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Subject: Re: [boost] Boost review of the Convert library is ongoing
From: alex (alexhighviz_at_[hidden])
Date: 2014-05-23 07:36:55

>> The benefit is that it defers initialization and thus passes that
>> responsibility from the generic function to the specific converters.
> Let's try staying with mainstream usage examples meaningful for the
majority of users. I'll
>unlikely be persuaded by an esoteric academic (even a real but
>corner-case) example that will have negative impact on the real users.

The convert contract you are proposing is quite abstract, so I think
academic arguments are relevant. But your question can be translated to: are
there real examples of classes that are expensive to construct but cheap to
move? Moreover, these classes need to be potential candidates for being
converted to.

The example you have been using is encryption. Consider the following class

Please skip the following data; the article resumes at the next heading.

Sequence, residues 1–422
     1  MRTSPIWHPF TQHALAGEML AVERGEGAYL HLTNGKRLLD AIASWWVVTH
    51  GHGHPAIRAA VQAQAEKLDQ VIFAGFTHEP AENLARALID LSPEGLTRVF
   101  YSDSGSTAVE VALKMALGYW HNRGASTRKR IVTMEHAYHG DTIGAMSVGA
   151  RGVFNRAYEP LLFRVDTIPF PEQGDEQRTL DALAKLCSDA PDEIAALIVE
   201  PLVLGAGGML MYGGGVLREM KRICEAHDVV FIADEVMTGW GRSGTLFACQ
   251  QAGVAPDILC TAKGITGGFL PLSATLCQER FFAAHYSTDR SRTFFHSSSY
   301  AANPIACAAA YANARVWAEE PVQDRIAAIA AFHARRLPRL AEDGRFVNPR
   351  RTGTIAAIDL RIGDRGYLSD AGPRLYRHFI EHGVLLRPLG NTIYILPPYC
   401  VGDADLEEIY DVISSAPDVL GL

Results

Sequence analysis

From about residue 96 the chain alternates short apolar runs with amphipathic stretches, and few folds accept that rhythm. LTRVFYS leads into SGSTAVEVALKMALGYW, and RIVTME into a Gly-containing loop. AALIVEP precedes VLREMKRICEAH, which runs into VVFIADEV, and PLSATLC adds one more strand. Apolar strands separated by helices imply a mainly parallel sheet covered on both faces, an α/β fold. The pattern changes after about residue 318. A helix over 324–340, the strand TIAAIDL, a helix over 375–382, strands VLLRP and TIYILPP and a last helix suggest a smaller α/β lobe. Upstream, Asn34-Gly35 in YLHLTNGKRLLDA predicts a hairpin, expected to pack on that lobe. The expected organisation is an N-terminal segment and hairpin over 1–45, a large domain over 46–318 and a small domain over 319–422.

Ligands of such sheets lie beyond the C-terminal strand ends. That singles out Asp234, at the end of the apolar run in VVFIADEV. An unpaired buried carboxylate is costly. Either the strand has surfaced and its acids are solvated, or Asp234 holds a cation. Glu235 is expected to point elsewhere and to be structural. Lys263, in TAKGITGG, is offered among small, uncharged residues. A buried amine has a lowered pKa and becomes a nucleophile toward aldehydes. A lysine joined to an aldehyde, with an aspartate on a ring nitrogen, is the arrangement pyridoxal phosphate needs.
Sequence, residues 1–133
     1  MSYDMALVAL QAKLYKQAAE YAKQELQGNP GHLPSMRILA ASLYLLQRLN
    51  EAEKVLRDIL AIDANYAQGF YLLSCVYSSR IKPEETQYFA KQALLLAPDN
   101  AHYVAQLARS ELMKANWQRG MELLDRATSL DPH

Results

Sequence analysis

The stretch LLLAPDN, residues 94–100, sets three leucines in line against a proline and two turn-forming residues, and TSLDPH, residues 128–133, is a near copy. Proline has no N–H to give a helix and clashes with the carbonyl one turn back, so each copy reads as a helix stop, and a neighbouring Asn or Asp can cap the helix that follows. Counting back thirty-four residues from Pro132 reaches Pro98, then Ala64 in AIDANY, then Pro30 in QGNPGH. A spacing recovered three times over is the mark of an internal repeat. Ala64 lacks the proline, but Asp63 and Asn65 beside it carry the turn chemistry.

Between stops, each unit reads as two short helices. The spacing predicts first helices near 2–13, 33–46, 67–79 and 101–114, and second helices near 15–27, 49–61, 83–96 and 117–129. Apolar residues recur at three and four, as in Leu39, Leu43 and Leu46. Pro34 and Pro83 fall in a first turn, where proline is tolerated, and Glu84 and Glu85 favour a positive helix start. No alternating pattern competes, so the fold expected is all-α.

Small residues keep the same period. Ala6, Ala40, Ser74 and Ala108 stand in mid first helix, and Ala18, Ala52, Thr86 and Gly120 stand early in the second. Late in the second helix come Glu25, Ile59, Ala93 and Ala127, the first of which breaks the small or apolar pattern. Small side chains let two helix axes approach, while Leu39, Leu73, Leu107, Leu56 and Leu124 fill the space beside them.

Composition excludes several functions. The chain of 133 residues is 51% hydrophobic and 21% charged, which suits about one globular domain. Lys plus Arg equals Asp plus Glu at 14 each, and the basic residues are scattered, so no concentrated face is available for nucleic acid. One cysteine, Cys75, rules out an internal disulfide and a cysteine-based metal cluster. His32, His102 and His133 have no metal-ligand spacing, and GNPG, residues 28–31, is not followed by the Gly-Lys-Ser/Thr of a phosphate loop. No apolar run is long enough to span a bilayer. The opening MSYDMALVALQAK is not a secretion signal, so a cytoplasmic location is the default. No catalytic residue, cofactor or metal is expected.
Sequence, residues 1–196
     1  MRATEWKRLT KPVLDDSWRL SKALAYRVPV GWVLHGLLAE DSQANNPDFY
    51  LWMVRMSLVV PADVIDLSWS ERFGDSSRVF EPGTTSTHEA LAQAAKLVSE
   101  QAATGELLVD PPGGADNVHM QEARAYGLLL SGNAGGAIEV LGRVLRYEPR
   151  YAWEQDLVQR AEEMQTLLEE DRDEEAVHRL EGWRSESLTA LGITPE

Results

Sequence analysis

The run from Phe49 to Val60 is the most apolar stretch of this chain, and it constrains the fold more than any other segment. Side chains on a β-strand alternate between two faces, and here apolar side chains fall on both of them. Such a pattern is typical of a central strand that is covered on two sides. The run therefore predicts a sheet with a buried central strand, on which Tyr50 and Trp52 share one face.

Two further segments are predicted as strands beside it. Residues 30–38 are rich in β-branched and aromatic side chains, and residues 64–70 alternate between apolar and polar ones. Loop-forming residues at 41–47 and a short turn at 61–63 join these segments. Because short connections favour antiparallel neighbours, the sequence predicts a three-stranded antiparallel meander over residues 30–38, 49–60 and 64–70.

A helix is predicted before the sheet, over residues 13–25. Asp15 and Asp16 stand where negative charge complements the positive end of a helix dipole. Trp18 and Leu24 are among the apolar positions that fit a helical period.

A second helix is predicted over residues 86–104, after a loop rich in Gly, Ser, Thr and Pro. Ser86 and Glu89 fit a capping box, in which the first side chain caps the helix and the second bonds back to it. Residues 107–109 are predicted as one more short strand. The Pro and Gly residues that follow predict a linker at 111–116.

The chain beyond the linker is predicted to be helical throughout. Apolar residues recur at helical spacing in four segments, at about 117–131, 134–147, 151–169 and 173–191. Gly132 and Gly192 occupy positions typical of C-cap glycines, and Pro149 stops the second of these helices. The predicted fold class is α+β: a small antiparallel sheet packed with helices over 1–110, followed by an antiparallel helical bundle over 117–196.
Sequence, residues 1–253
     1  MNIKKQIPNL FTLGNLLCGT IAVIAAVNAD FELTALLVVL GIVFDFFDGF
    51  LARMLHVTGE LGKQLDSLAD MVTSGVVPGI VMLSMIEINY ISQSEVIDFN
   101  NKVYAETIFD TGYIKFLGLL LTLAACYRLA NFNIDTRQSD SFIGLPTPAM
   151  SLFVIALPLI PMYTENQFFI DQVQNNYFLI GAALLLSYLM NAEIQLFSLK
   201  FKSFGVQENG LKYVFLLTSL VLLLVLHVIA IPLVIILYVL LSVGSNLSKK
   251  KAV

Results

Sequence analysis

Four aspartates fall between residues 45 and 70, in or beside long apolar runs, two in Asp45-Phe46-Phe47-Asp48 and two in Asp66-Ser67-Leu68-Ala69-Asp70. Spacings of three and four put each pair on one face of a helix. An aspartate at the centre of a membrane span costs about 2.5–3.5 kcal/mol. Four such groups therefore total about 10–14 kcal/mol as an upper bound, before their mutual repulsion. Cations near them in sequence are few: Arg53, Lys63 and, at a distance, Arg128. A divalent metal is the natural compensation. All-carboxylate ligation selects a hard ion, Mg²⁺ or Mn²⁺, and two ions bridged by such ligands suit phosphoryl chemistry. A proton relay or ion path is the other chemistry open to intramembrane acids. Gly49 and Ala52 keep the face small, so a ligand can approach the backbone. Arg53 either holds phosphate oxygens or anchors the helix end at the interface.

for an encrypted password:

struct encrypted_password
  encrypted_password(const std::string& password)
    // connect to random number device
    // do all kinds of arithmetic to encrypt
    // send email to NSA
    // m_encrypted will have a minimum size of 128.
  encrypted_password (password_encryption&& rhs) : m_encrypted
  { }

  bool check_password(const std::string& password){}

  std::string m_encrypted;

Now I can write a converter:

struct password_converter
  void operator()(const std::string& in,
boost::optional<password_encryption>& out)
    try {
       out = password_encryption(in);
    } catch(...) {
       out = boost::none;

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